So you’re already comfortable calling and writing to your lawmakers, you’re a prodigy when it comes to social media activism, and you know how to craft a killer message to your lawmaker. What’s left to learn?
We’re closing out our Advocacy 101 series by trying to answer the simplest and yet one of the most difficult questions of all: once you’ve decided you care about an issue, how do you find reliable information to stay up-to-date and know how to engage?
Getting good information about the issues we care about is the first step to meaningful engagement and advocacy. When you want to first dive into advocacy on an issue you care about – whether that’s protecting public lands from state takeovers, or preserving mountain bike access on a local trail, or saving a crag where you love to climb – it can be hard to know where to start. When I started working at Outdoor Alliance, I had some background in advocacy and felt reasonably well-informed about public lands, but I still felt lost about how best to follow these issues and make a difference. It is easy to get information overload trying to follow the news on a particular issue and interpret what is happening.
Keeping track of what’s going on in the world of public lands policy is literally a full time job for a lot of people, so it's invaluable to find an organization you trust to do the tracking and analysis for you. On public lands issues, we hope that’s us and our member organizations, and that we continue to buildtrust by sharing relevant, important, and high-quality information with all of you.
If you want to strike out on your own, there is no substitute for talking directly with people involved in government and public lands policy, but some of our favorite news sources include:
- Energy & Environment Daily (a pricey but awesome subscription service);
- Websites and Twitter feeds for land management agencies (like the Forest Service and BLM) and key congressional committees (House Natural Resources, Senate Energy and Natural Resources);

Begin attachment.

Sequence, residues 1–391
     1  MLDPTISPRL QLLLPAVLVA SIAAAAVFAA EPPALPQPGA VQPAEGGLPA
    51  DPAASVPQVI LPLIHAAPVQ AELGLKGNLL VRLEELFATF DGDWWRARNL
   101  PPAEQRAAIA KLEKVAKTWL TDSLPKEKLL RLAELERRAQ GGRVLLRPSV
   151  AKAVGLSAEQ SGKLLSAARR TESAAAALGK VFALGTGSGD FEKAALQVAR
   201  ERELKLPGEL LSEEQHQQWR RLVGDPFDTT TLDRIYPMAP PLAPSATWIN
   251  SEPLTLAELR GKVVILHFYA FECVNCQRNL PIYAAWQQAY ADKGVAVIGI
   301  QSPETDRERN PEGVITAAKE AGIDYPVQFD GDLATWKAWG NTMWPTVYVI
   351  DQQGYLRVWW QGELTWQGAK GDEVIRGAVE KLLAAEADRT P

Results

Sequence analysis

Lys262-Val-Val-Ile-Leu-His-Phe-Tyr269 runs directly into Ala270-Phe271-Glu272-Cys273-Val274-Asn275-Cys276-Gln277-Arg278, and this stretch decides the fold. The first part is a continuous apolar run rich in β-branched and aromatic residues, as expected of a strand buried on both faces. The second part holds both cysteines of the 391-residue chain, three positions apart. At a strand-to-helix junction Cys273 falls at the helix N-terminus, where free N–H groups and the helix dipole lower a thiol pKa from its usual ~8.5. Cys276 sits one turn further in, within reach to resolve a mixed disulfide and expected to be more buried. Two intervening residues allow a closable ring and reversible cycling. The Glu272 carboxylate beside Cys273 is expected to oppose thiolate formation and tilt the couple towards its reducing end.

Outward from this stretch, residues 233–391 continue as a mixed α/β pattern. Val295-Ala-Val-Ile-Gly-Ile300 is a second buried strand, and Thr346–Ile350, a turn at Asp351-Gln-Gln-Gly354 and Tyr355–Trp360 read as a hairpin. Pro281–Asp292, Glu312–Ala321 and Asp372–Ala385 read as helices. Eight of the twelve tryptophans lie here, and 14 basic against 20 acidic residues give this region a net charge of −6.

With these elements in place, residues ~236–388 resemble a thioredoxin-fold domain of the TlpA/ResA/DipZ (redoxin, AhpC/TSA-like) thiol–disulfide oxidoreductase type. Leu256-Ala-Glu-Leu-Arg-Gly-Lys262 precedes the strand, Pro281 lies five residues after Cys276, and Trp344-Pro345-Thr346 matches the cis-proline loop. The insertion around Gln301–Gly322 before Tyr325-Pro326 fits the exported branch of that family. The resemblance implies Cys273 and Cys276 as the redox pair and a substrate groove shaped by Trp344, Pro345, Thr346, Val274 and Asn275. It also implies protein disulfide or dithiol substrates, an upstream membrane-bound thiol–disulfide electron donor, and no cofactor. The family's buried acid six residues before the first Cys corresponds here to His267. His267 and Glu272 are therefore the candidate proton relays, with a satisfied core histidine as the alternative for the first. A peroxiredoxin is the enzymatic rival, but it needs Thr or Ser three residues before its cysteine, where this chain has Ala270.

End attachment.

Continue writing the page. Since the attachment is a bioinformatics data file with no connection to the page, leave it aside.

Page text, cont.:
- High Country News + Adventure Journal;
- Websites and social media for traditional conservation groups, as well as politicians deeply involved in public lands policy (and not just the ones you agree with!), like the chairs and ranking members of important committees.
When it comes to public lands and recreation, there are some great advocacy groups working on issues ranging from river access to improving permitting to protecting backcountry skiing, including our member groups, and they are some of the best sources of information on public lands issues:
- Backcountry skiing and snowsports: Winter Wildlands Alliance
- Bicycling (city riding and mountain bicycling): International Mountain Bicycling Association or People for Bikes
- Climbing: Access Fund and the American Alpine Club
- Paddling: American Whitewater and the American Canoe Association
- General public lands and recreation issues: Outdoor Alliance and Outdoor Industry Association.
There are also fantastic state-based organizations, like The Mountaineers in Washington, Colorado Mountain Club, Salt Lake Climbers Alliance, and the Mazamas in Oregon, who closely track state-based conservation issues.
Whatever your issue, there is likely an organization working to and they can keep you informed and share opportunities where your voice will matter to protect a place you care about.